It was a normal day. Bill Winness was walking his normal route through the Western Mall with his two friends the morning of April 5, 2019, when one started to feel dizzy. He urged Winness to keep going while he sat and rested for a bit.
Just minutes later, a woman came running after the 71-year-old and his friend, Ray Smidt, to tell them that their friend, Keith Clark, was suffering a heart attack.
They ran back as fast as they could. The next thing Winness knew, he was grabbing the Automated External Defibrillator (AED) inside the building while Smidt ran to Clark's aid. Winness was by Clark's side instantly after grabbing the AED.
Winness was trained how to use the AED, an electronic device that diagnoses a cardiac arrest, and how to apply electricity in the event of one, in addition to CPR training years ago. All he remembered were the basics, but that was enough.
Winness doesn't remember panicking, just taking the steps he needed to save his best friend's life.
"I guess you just do whatever you have to do, you know? You don’t really think about it," Winness said.
The first step in using the AED was to apply adhesive strips to Clark's chest for the AED to read what should be done. Since Clark had a pacemaker, the AED just instructed Winness to give CPR. He started chest compressions while another bystander stood on the line with a 9-1-1 dispatcher.
What Winness did helped provide the necessary oxygen to Clark's brain and helped his heart pump blood while they waited for emergency responders.
It was only minutes, but what he did was vital to preserving Clark's well-being, according to Scott Christensen, director of clinical service for Patient Care EMS.
"It buys time," Christensen said. "That time it takes for someone to call for help until first responders arrive, it's important for someone trained in CPR to give that type of care and assistance. All of that together is what helped save Keith's life."
If Winness wasn't there to give CPR before units arrived, Christensen speculated that Clark might have passed away.
Clark, 81, was released from the heart hospital Friday. He's in relatively good condition, and was advised by his doctor to "lay low" for a few weeks.
This was Clark's second heart attack, and he's been suffering episodes for half his life. Winness and Clark talked about what they would do if this happened. They were prepared as much as they could be.
"We all knew where the defibrillator was mounted. We walk by it every day," Clark said. "I think everybody should know CPR. It probably doesn't hurt if everybody knew where these AEDs were either."
Such training, for AED or CPR, saves lives, according to Christensen. And it's worthwhile for anyone to learn the life-saving techniques, even hands-only CPR.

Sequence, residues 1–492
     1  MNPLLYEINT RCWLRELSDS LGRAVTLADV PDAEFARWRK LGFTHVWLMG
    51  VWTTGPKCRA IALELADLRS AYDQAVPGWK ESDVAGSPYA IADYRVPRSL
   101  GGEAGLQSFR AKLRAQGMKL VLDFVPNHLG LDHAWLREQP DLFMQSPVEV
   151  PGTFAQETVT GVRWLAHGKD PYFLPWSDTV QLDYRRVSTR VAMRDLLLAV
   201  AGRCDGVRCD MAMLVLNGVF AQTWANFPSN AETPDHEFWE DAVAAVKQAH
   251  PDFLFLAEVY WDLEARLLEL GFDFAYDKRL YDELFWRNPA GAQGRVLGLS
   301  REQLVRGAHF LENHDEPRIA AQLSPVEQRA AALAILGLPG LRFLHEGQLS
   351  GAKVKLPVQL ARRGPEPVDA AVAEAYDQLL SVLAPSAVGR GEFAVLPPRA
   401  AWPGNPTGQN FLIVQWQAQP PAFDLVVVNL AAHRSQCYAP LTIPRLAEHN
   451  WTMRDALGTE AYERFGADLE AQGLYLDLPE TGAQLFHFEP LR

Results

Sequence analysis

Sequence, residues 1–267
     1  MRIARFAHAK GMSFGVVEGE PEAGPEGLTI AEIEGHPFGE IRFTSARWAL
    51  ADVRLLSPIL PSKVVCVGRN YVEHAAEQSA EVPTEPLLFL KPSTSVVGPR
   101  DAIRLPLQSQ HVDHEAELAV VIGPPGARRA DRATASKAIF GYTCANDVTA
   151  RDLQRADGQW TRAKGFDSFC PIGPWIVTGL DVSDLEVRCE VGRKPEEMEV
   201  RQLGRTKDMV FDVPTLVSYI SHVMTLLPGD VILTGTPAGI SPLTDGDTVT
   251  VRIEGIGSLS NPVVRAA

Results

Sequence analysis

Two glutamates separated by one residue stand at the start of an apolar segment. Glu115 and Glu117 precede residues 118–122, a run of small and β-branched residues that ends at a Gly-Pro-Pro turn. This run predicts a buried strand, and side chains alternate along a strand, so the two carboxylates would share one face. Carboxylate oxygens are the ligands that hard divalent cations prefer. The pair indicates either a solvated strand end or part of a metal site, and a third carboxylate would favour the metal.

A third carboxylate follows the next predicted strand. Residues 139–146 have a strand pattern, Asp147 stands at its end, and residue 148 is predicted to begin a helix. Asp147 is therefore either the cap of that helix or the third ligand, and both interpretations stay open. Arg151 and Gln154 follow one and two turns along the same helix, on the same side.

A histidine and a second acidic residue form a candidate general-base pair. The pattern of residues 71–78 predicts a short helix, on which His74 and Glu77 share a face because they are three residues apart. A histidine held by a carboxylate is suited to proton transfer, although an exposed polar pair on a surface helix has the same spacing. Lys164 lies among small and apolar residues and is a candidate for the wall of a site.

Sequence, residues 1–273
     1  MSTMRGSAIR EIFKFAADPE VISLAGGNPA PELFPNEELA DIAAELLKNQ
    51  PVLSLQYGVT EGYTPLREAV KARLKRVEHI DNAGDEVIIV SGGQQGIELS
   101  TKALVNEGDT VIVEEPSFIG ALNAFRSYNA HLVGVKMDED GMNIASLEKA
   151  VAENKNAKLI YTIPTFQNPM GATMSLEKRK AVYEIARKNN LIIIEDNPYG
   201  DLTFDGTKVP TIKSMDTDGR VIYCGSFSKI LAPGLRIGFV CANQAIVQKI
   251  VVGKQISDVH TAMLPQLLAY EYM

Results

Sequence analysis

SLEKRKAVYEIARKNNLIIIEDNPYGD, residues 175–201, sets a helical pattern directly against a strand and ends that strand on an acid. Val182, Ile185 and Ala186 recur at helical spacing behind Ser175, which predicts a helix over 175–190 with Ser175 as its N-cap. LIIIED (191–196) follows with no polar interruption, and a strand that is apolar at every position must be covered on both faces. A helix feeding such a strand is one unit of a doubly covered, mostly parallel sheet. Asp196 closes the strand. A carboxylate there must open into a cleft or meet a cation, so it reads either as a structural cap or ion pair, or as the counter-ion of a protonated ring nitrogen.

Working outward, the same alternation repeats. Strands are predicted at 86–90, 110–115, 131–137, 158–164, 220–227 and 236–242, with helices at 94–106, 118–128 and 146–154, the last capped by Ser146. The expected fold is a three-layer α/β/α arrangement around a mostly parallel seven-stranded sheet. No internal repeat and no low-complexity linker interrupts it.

Bystanders in Sioux Falls helped give CPR for 73 percent of cardiac arrests in 2017, according to Regional Emergency Medical Services Authority.
It's common for bystanders to take action in Sioux Falls, just as Bill took charge to help Clark. Nationally though, the REMSA registry's average is action from bystanders in 38 percent of cardiac arrests.
"It's always impressive here," said Julie Sharbano, executive chair for REMSA. "Good job, Sioux Falls."
Part of that is because of wide CPR training in the Sioux Falls area and because of dispatchers instructing 9-1-1 callers how to give CPR. The high rate of bystander help can also be attributed to Sioux Falls Fire Recue's Pulsepoint app, which alerts people when CPR is needed nearby.
"Any CPR is better than no CPR," Christensen said.
For AEDs, it's 28 percent of bystanders who intervene with the device in Sioux Falls. About 11 percent of bystanders across the registry intervened with an AED in 2017.
There isn't a standard on how to provide signs for AEDs, Christensen said. Clark worries there needs to be better ways to inform people where the AEDs are — it could mean life or death.
There are over 700 AEDs in buildings around Sioux Falls, mostly in public places such as schools and churches, said Jeremy Robertson, EMS educator for Sioux Falls Fire Rescue.
Robertson said the fire department recommends to businesses how to mount the AEDs so they're easily seen. The Pulsepoint app also shows where AEDs are located in a building, if SFFR is aware of it.
For Winness, he's grateful he remembered where the AED was in the Western Mall and that he and other bystanders were able to intervene and help Clark.
"You don’t have to be old to get a heart attack," Winness said. "Anyone can get one. If someone knows a little CPR it sure can make a big difference."
Makenzie L Huber, Sioux Falls Argus Leader, Published 2:20 p.m. CT April 9, 2019
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